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Town Hall Meetings with Legislators

Lawmakers hold town meetings to provide a public forum for discussing timely issues or to listen to their constituents’ concerns.

Lawmakers hold town meetings to provide a public forum for discussing timely issues or to listen to their constituents’ concerns. These meetings provide an excellent opportunity to begin to build a relationship with your elected representative and to bring attention to FARE public policy issues. Here are some suggestions to guide your participation:

  • Find out when town hall meetings are scheduled. Contact your legislator’s district office and request that you be notified when any town hall meetings with the legislator are scheduled. This will likely involve placing yourself on an e-mail list. Check the community announcements in the local section of your newspaper for scheduled town hall meetings. Periodically check your legislator’s website, especially just before congressional recesses, because many elected officials post a district schedule for when they are home from Washington, DC. And in election year, contact your legislator’s campaign offices. The campaign generally organizes and schedules town hall forums and will be a good source of scheduling information.
  • Introduce yourself and identify yourself and your role within the community (e.g., your position, your professional training, and the fact that you interact with many constituents).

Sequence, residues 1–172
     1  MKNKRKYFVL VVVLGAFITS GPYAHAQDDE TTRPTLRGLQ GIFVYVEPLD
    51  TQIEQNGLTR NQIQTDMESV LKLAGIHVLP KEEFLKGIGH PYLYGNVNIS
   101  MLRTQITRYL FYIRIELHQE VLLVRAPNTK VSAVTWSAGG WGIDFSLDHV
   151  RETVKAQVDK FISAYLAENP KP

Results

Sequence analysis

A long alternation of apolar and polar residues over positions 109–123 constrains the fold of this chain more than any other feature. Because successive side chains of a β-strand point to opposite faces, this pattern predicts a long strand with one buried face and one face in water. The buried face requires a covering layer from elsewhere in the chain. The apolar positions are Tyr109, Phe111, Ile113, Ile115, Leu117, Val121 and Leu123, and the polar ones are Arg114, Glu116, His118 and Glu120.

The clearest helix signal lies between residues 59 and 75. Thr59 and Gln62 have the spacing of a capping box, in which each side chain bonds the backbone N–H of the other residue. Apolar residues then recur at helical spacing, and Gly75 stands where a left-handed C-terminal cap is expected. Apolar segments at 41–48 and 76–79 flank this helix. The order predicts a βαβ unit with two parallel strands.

• Thank them, if appropriate, for any support they’ve given in the past.
  • Describe the FARE mission and good works (e.g., fundraising efforts, research grants, or education programs)
  • Mention that FARE and food allergy advocates also work to ensure that patient and family concerns are incorporated into the public policy making process.
  • Relate some of the statistics about food allergies (e.g., how many Americans suffer from food allergies, how many children, etc.). Specific statistics are most helpful.
  • Discuss, generally, some of the issues that concern food allergy patients and parents (e.g., school policies and restaurant accessibility). Provide copies of your organization’s position papers.
  • Share anecdotal, personal stories about patients; they resonate with lawmakers.
  • Tell them about FARE events and extend invitations to attend.
  • Offer to make yourself and other advocates available to legislators and staff should they have any questions about food allergies or other health-related matters, or education programs. Be sure to leave your business card.

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